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Update, November 30: 9:30 am ET:  @CosmicPenguin tweeted a thread showing times for the Chang’e-5 events based on an image of the screen in mission control that he saw on Chinese social media.  It puts the landing on December 1 at 15:13 UTC, which would be December 1, 10:13 EST.  Here is one of his six tweets on this topic (the first in that thread specifies that times are in UTC).


Update, November 30, 9:15 am ET:  Xinhua says the lander and its ascent stage separated from the main spacecraft (orbiter and sample return capsule) Monday at 4:40 am Beijing time. It tweeted a video of the separation. It does not indicate when the landing will occur although a caption in English on the video says it will be in “December.”  If it occurs on December 1, it could be November 30  (today) Eastern Standard Time.

Update, November 29, 5:30 pm ET:  China’s CGTN reported today that the landing will be “in three days.”  That could be December 2 Eastern Standard Time (EST) though it depends on when it occurs local time in China, which is 13 hours ahead of EST.

Original Entry: China has not released a timeline of events for its lunar sample return mission Chang’e-5, which was launched on November 23. However, China space watcher @Cosmic Penguin obtained information that indicates the lunar landing is planned for November 29 about 3:30 pm EST (20:30 UTC).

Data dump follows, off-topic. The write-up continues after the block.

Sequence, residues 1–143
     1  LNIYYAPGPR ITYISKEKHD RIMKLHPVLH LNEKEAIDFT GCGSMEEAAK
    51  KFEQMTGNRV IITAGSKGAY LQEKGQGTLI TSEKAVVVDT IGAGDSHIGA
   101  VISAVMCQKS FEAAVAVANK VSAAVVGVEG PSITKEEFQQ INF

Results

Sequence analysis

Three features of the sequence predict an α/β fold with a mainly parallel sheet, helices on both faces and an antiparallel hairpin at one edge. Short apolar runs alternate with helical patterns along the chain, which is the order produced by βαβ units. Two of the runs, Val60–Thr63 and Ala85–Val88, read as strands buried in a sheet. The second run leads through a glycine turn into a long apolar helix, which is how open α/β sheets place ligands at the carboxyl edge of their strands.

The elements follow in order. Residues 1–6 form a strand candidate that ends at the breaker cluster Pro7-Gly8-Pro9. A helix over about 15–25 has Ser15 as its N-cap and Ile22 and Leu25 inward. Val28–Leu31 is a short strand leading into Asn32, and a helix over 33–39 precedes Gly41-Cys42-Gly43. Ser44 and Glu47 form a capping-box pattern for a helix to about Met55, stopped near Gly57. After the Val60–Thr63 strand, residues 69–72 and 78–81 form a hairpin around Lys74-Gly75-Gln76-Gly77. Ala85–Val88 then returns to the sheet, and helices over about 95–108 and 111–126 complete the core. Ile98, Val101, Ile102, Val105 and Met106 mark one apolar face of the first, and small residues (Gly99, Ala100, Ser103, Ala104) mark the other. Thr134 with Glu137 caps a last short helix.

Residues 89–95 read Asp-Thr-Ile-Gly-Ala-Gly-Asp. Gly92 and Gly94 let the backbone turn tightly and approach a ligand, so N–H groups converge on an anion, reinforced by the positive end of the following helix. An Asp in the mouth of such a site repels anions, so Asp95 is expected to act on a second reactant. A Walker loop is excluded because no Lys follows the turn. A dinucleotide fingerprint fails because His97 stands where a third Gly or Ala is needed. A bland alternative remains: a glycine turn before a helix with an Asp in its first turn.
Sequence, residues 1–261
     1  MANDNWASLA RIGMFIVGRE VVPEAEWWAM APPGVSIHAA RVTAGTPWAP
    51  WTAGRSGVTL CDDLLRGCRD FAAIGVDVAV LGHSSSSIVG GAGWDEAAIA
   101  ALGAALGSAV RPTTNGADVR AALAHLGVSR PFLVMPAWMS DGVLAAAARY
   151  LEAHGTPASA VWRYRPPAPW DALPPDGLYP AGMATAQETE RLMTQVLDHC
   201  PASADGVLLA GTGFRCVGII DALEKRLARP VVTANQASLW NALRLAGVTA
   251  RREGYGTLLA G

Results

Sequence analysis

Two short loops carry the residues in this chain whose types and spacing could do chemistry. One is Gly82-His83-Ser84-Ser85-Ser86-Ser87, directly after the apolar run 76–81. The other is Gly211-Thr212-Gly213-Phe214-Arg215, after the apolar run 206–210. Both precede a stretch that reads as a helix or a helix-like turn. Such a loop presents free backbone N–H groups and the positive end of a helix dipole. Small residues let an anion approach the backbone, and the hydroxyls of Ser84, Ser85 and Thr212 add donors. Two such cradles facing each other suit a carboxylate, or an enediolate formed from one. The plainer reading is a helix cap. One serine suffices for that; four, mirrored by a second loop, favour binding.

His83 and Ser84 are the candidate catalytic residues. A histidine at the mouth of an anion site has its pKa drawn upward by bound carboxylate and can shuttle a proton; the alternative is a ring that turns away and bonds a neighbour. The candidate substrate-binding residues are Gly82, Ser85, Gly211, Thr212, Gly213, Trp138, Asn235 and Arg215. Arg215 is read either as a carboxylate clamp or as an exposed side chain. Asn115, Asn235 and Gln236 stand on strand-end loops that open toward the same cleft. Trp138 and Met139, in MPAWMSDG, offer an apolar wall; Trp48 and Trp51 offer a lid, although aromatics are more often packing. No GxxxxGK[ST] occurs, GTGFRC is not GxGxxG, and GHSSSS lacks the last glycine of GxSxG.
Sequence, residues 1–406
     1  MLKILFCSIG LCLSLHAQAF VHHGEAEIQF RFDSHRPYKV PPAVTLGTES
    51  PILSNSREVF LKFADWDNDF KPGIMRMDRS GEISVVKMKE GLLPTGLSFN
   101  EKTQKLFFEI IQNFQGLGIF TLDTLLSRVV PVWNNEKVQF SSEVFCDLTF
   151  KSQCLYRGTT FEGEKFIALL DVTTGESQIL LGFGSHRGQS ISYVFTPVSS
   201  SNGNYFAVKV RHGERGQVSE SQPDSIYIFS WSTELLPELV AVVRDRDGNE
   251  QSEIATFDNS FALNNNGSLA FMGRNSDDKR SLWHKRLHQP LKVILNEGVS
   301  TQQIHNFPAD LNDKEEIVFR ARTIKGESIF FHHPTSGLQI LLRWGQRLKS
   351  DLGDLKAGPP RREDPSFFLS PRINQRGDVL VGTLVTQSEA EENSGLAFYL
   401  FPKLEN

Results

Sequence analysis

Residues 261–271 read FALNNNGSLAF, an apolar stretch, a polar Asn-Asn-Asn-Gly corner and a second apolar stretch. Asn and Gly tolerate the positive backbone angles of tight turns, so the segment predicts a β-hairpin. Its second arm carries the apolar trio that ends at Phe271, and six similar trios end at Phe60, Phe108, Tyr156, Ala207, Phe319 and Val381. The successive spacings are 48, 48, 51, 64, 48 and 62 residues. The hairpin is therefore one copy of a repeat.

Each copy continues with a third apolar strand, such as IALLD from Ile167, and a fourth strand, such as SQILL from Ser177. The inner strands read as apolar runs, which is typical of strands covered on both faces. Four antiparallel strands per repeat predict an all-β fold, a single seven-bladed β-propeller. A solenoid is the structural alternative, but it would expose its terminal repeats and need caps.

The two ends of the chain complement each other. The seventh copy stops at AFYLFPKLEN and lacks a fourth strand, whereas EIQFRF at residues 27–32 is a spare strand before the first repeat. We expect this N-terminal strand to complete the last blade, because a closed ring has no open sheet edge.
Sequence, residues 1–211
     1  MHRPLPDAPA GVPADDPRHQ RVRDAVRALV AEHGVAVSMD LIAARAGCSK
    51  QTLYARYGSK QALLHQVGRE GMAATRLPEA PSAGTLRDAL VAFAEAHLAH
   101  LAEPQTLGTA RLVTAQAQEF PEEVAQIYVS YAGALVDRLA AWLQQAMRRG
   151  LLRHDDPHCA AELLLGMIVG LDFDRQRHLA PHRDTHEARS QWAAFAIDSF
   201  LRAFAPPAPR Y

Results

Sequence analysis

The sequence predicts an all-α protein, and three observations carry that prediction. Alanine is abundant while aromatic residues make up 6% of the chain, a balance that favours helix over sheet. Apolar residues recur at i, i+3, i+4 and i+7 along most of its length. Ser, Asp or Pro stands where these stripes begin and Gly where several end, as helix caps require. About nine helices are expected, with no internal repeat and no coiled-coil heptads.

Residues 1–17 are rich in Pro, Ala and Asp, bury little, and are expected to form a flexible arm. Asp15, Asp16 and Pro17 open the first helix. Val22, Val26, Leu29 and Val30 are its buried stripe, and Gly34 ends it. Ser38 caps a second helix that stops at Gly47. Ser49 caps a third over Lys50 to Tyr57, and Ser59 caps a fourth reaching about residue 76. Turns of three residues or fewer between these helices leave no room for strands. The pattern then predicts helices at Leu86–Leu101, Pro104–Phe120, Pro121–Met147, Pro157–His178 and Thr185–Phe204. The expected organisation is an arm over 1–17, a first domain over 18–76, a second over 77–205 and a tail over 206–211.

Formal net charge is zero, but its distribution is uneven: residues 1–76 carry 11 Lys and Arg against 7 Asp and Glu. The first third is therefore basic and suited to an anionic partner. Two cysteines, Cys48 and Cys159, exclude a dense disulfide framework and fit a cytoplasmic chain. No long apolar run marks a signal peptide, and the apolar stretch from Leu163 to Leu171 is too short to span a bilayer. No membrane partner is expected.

<blockquote class=”twitter-tweet” data-conversation=”none” data-cards=”hidden” data-partner=”tweetdeck”><p lang=”en” dir=”ltr”>1st one is from the landing phase which I&#39;ve posted earlier, which indicates lunar landing planned on Nov. 29 maybe around 20:30 UTC. 2nd one released on CCTV today is from the capsule landing which seems to indicate landing planned on Dec. 16 after 16:30 UTC. <a href=”https://t.co/BZLD9BQPxF”>pic.twitter.com/BZLD9BQPxF</a></p>&mdash; Cosmic Penguin (@Cosmic_Penguin) <a href=”https://twitter.com/Cosmic_Penguin/status/1331994377581826049?ref_src=twsrc%5Etfw”>November 26, 2020</a></blockquote>
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The Chang’e-5 spacecraft will enter lunar orbit. The lander portion will separate from the main spacecraft and land in the Ocean of Storms on the lunar surface where it will collect samples using a scoop and a drill. Then the ascent portion will lift off from the surface, rendezvous with the main spacecraft, and transfer the samples into the sample return capsule.  The main spacecraft then will depart lunar orbit for the trip back to Earth and eject the capsule, which will land in Inner Mongolia.

Those steps closely parallel how the U.S. Apollo lunar missions 50 years ago landed and returned astronauts, although in this case it will be done robotically.  No one is aboard Chang’e-5.



November 30, 2020 @ 12:01 am
December 1, 2020 @ 11:00 pm